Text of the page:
China’s Bike-Share Startup Frenzy Turns into Money-Suck

Fresh startups with millions of dollars in funding run out of cash and collapse.

Bike-sharing companies – with their capital-intensive, cash-burning, ride-subsidizing business model – were among the hottest startups in China. They’ve attracted $2 billion in venture funding over the 18 months of the frenzy. They now count over 40 platforms, though the industry is dominated by huge piles of mutilated, stolen, and abandoned bicycles and by two unicorns (valued over $1 billion), Mobike and Ofo, that kicked off the frenzy and carve up 95% of the market.

But this is how quickly a frenzy can deflate.

On Thursday, Chinese media reported that Mingbike, with operations in major cities, had laid off 99% of its staff, after consumers had complained that they’d been unable to get their deposits of 199 yuan (about $30) back. Some of the laid-off employees “posted complaints on social media saying their salary had been withheld for several months,” according to the South China Morning Post:

Calls by the South China Morning Post to Mingbike’s main phone line were not answered. The last post on the company’s Weibo account was in earlier October and its WeChat account has not been updated since November 10.

In response to the latest closure and growing risk of deposit refunds, Chinese authorities have stepped in, with Ministry of Transport spokesman Wu Chungeng saying on Thursday that local governments would play a major role in ensuring protection of consumer rights. He added that regulations for the industry were being drawn up by authorities.

Mingbike was founded in 2016 and had raised 100 million yuan ($15 million) from venture capital firms.

The bike-share cash-suck works like this: Users download the app to their smartphones and pay a deposit. The ride costs a tiny fee of usually 1 yuan or less ($0.15 or less) per hour – unless the ride is free, which it often is, on the time-honored principle that the company would make it up with volume. Users unlock a bike with their smartphones. At their destination, they’re supposed to park the bike on a sidewalk or public space.

But Minkbike’s collapse was just the latest. Earlier this month, Bluegogo, the third largest bike-share outfit, collapsed. It had claimed 20 million registered users at its peak and operated 600,000 bikes. It has raised $90 million from VCs, including aptly named Black Hole Capital, based in Beijing, which led the last funding round, $58 million, in February this year. It only took eight months to burn through this money.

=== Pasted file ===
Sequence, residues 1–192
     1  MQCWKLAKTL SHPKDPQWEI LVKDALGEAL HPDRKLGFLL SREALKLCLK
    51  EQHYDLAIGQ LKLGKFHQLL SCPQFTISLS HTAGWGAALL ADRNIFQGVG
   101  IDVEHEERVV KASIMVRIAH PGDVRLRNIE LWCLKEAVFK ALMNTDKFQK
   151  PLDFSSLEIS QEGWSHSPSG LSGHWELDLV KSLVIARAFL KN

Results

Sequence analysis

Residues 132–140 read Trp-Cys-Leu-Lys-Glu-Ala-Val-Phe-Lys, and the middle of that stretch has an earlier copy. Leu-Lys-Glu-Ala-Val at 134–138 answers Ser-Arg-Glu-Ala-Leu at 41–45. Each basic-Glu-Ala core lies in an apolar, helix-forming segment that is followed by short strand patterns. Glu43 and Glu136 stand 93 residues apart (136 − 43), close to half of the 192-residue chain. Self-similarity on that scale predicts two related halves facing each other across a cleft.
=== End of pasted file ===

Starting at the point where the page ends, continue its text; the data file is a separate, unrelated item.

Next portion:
The Bluegogo hype in February was this, according to the China Money Network: “It plans to expand its business to Beijing in February, as well as further expanding into overseas cities following its January launch in San Francisco.”

That January launch in San Francisco, I assume, will fall through the cracks.

The SCMP cited “an emotional open letter released to the media” by Bluegogo’s founder and CEO Li Gang, which revealed that the company had run out of cash.

“In a cutthroat market like bike sharing I am too naive and so far no progress has been made on fundraising,” Li wrote in the letter, the authenticity of which was confirmed to the South China Morning Post by a venture capitalist close to the Li family.

In his letter, Li said the company “looked like it was cursed since June,” with plenty of investors praising it but not a single commitment for new funding since June.

Bluegogo’s users saw their 199 yuan deposits go up in smoke. These worries about losing their deposits has the effect that these millions of users asked for their deposits back, and the truth where their money has gone – namely, up in smoke – emerges.

The SCMP also points out other side effects of the bike-share frenzy:

The rapid proliferation of dockless bicycle rentals has caused headaches for city authorities, not just in China but globally, as users park them indiscriminately, blocking the way for pedestrians and traffic. Bicycles have been found dumped in rivers, abandoned on open land, and hanging in trees, to name a few examples.

In June, the first bike-share outfit toppled: Wukong Bike – though it had been founded only six months earlier. It took user deposits and VC funds with it, citing a “strategic company restructuring.” The company operated 1,200 bikes in the southwestern city of Chongqing. The business model: Initially, Wukong was charging users a tiny fee, but later all rides were free. Most of the bikes disappeared because they didn’t have a GPS tracking device. Caixin: